Physician Thriving: Let’s Look Out for Each Other

By Hilary McClafferty, MD, FAAP

September 17th was the third annual National Physician Suicide Prevention Day. On this day, I reflected on the colleagues I have lost over the years to suicide, one at nearly every stage of my training and practice in medicine. One is too many, more than one is tragic, and an estimated 400 annually in the US is simply unacceptable. If you or someone you know, work with, or love is struggling, do not hesitate to reach out for help. A simple human connection and expression of awareness and support may be the catalyst for change. If you don’t know what to say, simply connect for a coffee or schedule a brief check in because it has been a while since you talked. Keep it simple, straightforward. Or you might say “I noticed you’ve been more tired recently” (or grumpy, or overworked, or stressed) or “I am concerned and wanted to see how you are doing.” The worst that can happen is that they don’t engage, or wave you off, or gloss over their distress, but the act of reaching out is important. Do not give up on a colleague in distress. The flip side of this is the colleague who seems fine on the surface, but who is in real distress underneath. If this is you, you must make a safety plan immediately. Reach out to your resource people today, or explore the resources available to you, today. You are not alone, you are important, part of an extraordinary community of healers, and a precious human life. Write out a safety plan and follow it. What do you need to do right now to keep yourself safe? Start there and do it. Let us look out for each other and be the ones that shine a light into these dark places and challenge the outdated culture of medicine by stepping up when called to be the change that is needed.



Hilary McClafferty, MD, FAAP, is board certified in pediatrics, pediatric emergency medicine, and integrative medicine. She writes and speaks nationally on physician wellbeing, resiliency, and physician wellness. She is a member of the International Coach Federation, certified physician coach and author of two books: Mind-Body Medicine in Clinical Practice and Integrative Pediatrics: Art, Science, and Clinical Application. She practices pediatric emergency medicine and is host of the popular podcast Physician Thriving. 

Email:      Web:      Twitter: @drmcclafferty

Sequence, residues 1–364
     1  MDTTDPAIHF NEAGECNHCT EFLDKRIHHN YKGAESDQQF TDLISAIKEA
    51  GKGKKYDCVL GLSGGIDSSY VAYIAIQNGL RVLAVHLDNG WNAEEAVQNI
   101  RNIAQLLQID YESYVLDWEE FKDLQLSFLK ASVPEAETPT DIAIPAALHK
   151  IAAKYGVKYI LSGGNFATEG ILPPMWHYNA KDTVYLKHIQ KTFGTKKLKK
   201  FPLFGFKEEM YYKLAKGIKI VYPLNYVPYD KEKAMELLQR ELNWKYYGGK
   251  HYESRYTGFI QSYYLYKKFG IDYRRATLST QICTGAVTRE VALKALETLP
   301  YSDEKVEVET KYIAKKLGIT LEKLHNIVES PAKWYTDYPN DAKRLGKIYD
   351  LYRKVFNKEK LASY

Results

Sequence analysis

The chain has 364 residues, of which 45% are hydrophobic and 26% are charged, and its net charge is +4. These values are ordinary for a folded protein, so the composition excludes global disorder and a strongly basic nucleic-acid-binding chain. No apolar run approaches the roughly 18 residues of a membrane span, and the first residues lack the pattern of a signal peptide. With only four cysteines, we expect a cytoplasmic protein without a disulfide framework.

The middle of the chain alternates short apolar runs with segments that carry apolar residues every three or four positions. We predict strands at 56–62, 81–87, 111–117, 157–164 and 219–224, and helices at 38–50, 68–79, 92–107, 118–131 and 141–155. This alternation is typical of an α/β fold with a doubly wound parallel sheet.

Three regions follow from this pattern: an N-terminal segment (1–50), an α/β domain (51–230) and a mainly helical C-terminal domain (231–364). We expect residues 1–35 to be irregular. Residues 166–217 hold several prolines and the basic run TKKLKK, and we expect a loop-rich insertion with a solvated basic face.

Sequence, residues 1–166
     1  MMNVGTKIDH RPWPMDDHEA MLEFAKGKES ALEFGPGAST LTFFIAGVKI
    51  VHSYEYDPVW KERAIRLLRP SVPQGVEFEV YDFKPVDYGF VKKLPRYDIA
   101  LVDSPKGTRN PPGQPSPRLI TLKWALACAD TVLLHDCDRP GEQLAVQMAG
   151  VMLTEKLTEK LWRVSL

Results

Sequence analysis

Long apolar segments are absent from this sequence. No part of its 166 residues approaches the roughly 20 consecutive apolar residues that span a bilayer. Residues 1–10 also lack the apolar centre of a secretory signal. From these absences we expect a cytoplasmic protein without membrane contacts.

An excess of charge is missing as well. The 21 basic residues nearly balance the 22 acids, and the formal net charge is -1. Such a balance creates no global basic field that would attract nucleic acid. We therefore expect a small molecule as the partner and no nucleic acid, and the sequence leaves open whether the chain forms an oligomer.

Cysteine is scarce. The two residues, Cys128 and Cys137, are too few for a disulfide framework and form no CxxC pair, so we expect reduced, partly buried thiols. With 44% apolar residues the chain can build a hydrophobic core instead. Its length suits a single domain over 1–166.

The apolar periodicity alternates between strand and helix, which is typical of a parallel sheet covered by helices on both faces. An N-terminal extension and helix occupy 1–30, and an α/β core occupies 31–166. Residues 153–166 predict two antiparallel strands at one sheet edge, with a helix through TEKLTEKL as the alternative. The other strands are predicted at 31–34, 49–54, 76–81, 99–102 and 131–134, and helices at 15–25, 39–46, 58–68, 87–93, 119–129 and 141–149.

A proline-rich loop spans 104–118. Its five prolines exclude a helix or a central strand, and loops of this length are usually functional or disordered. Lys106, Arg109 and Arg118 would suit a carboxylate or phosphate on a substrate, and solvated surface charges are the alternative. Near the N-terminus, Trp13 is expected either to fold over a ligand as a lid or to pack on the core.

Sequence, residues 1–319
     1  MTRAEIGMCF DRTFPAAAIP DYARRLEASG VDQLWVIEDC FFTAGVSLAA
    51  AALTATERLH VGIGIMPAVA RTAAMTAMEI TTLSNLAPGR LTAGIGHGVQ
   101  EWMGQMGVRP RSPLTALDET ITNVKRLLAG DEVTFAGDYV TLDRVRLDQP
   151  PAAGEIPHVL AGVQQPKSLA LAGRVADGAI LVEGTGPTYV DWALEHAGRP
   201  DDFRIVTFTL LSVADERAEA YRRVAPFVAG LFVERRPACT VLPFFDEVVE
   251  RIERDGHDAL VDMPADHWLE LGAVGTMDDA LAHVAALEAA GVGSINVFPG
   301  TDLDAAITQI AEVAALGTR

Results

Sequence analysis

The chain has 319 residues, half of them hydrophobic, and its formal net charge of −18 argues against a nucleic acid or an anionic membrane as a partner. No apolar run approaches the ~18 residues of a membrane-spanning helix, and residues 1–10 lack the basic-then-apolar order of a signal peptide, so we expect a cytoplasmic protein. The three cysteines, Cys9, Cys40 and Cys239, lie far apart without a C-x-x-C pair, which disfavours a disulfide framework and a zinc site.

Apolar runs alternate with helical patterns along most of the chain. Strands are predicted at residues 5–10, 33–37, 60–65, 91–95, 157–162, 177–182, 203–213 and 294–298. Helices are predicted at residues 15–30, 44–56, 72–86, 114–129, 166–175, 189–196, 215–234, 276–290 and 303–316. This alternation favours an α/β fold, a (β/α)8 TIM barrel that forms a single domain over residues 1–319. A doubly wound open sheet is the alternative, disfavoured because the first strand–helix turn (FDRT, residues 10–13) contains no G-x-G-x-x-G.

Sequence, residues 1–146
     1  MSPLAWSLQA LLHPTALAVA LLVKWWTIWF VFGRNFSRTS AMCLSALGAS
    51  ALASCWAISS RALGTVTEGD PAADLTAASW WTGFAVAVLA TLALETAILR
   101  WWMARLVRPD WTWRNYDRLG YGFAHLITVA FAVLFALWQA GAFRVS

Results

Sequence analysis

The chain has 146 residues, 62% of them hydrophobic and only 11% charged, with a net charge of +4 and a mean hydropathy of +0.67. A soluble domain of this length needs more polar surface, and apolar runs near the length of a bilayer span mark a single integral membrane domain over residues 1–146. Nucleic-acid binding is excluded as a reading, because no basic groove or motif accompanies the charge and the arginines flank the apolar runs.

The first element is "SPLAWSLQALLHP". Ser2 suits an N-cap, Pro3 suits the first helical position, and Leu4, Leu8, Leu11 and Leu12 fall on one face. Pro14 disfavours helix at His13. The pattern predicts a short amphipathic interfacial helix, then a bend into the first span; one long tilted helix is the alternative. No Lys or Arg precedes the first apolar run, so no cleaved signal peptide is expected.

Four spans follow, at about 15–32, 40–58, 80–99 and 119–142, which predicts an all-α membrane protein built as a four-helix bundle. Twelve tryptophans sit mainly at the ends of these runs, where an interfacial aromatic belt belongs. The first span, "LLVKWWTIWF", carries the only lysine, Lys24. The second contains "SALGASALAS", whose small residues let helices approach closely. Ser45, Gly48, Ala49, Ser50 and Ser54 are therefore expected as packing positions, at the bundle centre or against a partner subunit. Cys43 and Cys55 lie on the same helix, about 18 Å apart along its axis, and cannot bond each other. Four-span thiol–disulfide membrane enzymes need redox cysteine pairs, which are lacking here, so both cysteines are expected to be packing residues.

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Patient Care Is Our Priority

Medical organizations throughout North America understand that our rigorous certification standards prove that ABPS Diplomates are capable of delivering the best patient care possible.

Personal challenge and motivation compelled me to pass my ABPS board exam. Measurement and confirmation of my own knowledge base reinforced my self-confidence. The ABPS, with its history of inclusivity, has allowed me to have a voice in the organization, while permitting me to impact overall national patient safety and care through certification. Participation in exam development afforded me the opportunity to witness the rigorousness of the exam process and psychometrically sound product, while developing meaningful collegiality, professional life enrichment, and warding off burn out.

Elizabeth Maxwell-Schmidt MD, FAAEP, FACEP
Emergency Medicine
Board certification through the American Board of Physician Specialties has served to substantiate my interest and additional training in several fields of medicine including Internal Medicine, Disaster Medicine, and Administrative Medicine. As a result, I have been able to serve my community in clinical, disaster response, and administrative medicine roles. Through the ABPS, I have become recognized as a leader in my various fields of interest.

Spencer Price MD, MPH, MBA
Internal Medicine, Disaster Medicine, Administrative Medicine
BCEM certification through ABPS has provided me with many opportunities. It has helped me demonstrate that I have special experience and expertise in Emergency Medicine beyond that obtained through my family medicine training. BCEM certification firmly established me as an emergency medicine specialist once I started working in emergency medicine full time. ABPS has also helped me network with other family physicians with a passion for improving rural and underserved emergency medicine practice.

Alex Beuning, MD, FAAEP
Emergency Medicine